Of the many pardoned by Bill, few give to Hillary

By Laurie Bennett

May 1, 2008 at 12:30pm

In the last hours of his presidency, Bill Clinton granted pardons or prison commutations to 140 people. How many of them have shown their gratitude by contributing to his wife’s presidential campaign?

Not many.

Former CIA Director John Deutch, pardoned for charges relating to mishandling national secrets on a home computer, gave $2,300 to Hillary Clinton’s presidential run. However, he also gave same amount to Sen. Barack Obama and $1,000 to Sen. Christopher Dodd’s campaign.

South Carolina attorney Richard W. Riley, education secretary under Bill Clinton, gave Hillary Clinton $1,000 last year. His son, Richard Wilson Riley Jr., was pardoned in 2001 for marijuana and cocaine charges.

David Herdlinger, a former Arkansas prosecutor pardoned on mail fraud charges, donated $1,000 to Sen. Clinton’s presidential campaign in August.

Former Housing and Urban Development Secretary Henry Cisneros was pardoned for making false statements to FBI agents conducting a background investigation of him in 1993, when he was nominated to the cabinet post. He contributed $1,000 Hillary Clinton’s New York State Senate campaign in 2006. But when it came to the presidential campaign, he gave $3,000 to the presidential campaign of Bill Richardson, who endorsed Obama after ending his own campaign.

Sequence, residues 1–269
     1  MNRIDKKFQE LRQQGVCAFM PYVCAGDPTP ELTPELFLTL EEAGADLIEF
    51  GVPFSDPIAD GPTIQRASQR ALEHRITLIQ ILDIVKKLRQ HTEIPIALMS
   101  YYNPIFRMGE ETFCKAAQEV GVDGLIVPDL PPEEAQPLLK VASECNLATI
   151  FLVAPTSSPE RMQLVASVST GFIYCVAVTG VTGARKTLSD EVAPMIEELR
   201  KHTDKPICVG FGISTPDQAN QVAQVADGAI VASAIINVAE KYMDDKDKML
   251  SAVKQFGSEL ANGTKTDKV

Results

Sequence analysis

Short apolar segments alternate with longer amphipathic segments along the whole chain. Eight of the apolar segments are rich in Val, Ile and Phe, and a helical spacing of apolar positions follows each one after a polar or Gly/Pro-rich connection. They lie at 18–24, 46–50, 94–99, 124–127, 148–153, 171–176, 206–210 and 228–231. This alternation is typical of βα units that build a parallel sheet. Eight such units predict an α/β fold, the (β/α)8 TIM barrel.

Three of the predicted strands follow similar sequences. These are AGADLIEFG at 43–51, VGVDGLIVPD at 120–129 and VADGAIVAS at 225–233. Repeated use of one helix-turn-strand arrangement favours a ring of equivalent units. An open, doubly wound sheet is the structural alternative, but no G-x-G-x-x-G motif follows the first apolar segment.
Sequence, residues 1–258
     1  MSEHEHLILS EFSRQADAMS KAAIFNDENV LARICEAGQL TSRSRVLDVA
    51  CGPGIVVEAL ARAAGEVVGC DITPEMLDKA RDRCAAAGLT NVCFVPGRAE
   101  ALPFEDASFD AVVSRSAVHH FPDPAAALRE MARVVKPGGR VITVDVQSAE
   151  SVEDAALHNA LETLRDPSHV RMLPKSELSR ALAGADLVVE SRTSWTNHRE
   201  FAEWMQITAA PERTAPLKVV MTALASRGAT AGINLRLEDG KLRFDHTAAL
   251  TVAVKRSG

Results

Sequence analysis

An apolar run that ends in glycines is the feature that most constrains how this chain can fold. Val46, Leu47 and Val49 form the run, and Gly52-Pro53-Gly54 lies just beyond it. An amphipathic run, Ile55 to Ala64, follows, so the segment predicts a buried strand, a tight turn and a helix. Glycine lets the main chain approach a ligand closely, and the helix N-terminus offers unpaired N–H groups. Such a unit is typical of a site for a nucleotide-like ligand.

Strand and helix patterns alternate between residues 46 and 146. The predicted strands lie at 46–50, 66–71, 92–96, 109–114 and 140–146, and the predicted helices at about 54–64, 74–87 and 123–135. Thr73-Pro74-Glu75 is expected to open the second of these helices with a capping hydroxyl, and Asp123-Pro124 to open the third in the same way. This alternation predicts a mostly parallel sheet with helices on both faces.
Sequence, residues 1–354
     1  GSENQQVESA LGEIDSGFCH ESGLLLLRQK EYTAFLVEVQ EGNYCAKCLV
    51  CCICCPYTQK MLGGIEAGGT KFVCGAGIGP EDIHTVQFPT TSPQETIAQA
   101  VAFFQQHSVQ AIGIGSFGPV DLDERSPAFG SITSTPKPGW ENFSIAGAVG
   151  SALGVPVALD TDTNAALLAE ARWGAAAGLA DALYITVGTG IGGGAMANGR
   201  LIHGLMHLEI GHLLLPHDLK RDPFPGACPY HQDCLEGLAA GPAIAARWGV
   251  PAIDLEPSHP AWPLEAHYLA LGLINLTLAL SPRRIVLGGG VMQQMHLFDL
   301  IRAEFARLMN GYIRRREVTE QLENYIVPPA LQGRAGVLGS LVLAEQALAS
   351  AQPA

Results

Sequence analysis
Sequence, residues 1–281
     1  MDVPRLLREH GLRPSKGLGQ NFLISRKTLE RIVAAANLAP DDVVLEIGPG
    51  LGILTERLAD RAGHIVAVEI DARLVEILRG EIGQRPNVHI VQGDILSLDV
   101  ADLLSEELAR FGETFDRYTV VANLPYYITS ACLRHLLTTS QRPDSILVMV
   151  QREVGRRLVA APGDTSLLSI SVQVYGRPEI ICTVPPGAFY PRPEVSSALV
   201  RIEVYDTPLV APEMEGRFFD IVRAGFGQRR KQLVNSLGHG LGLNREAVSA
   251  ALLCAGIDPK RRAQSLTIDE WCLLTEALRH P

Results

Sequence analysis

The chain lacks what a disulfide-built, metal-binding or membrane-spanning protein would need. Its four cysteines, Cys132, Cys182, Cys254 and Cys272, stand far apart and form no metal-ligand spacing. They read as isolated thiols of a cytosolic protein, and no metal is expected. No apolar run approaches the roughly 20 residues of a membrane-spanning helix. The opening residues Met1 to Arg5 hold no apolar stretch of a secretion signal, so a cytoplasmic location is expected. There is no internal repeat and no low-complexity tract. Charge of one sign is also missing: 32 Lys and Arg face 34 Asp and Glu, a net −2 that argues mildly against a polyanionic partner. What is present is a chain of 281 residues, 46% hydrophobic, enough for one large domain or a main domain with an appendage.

Edward Reynolds Downe Jr., pardoned on charges of conspiring to commit wire fraud and subscribing to false income tax returns, gave $2,100 to Clinton’s Senate race. But he supported Dodd for president, giving the maximum $4,600.

Stanley Pruet Jobe, pardoned in a check-kiting scheme, supported Richardson.

Former Arizona Gov. John Fife Symington III, a Republican convicted of bank fraud, was also pardoned by Clinton. He has contributed to John McCain’s campaign.

One name that’s conspicuously absent from the Clinton donor list is that of Denise Rich. Clinton pardoned her ex-husband, Marc Rich, who fled the country in 1983 to avoid charges of tax evasion. The pardon followed her contribution of $450,000 to the Clinton Library.

Denise Rich was also a generous contributor to Democratic causes before the Bushes moved into the White House, and she supported Hillary Clinton’s first run for the Senate. However, her only contribution reported in the last 3 years was $1,000 to U.S. Rep. Nita M. Lowey of New York.

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